This restruction is lifted with the multi-value proposal. Function types now map from result type to result type, where a result type is a sequence of value types. That is to say, just as functions can take multiple arguments, they can return multiple results. Similarly, with the multi-value proposal, block types are now the same as function types: loops and blocks can take arguments and return any number of results. This change improves the expressiveness of WebAssembly as a compilation target; a C++ program compiled to multi-value WebAssembly can be encoded in fewer bytes than before. Multi-value also establishes a base for other language extensions. For example, the exception handling proposal builds on multi-value to pass multiple values to catch blocks.

  • 74.0.1 Firefox Release

    Version 74.0.1, first offered to Release channel users on April 3, 2020

  • Firefox 74.0.1

    Firefox 74.0.1 has been released with two security fixes. CVE-2020-6819 is a use-after-free when running the nsDocShell destructor and CVE-2020-6820 is a use-after-free when handling a ReadableStream. In both cases there have been targeted attacks in the wild abusing these flaws. These issues have also been fixed in Firefox ESR 68.6.1.

  • Creating VR Worlds and Teaching Class with Mozilla Hubs

    With so many people stuck at home, self-isolating, because of the COVID-19 pandemic, people in every walk of life, including educators, are looking for novel ways to reach out to their audience. For teachers, that means students in classes that are now empty. How best to create and present content to students scattered in their various homes? Virtual reality (VR) presents an interesting way to scratch every itch, from the social, to the visual, to the need for 'being there'. It's also a great way to explore new and interesting ways to share information with students. #teachers #virtualreality #covid19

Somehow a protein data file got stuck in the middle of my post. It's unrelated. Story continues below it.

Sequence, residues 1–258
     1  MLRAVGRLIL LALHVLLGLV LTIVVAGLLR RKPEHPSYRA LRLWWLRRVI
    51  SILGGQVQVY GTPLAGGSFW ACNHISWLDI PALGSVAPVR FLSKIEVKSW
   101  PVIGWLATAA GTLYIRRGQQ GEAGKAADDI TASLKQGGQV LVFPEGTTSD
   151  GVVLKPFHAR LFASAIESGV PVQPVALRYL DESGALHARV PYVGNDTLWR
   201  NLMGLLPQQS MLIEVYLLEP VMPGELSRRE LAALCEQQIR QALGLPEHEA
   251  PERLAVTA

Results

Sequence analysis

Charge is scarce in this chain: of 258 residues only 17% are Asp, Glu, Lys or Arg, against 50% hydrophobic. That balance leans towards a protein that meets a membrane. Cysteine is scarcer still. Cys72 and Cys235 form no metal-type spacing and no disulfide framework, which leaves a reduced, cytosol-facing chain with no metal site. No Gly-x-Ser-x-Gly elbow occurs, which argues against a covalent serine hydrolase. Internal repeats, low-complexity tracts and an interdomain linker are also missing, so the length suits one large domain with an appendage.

• Twitter Direct Message Caching and Firefox

    Twitter is telling its users that their personal direct messages might be stored in Firefox’s web cache.

    This problem affects anyone who uses Twitter on Firefox from a shared computer account. Those users should clear their cache.

    This post explains how this problem occurred, what the implications are for those people who might be affected, and how problems of this nature might be avoided in future. To get there, we need to dig a little into how web caching works.

  • Twitter Data Cache on Mozilla Firefox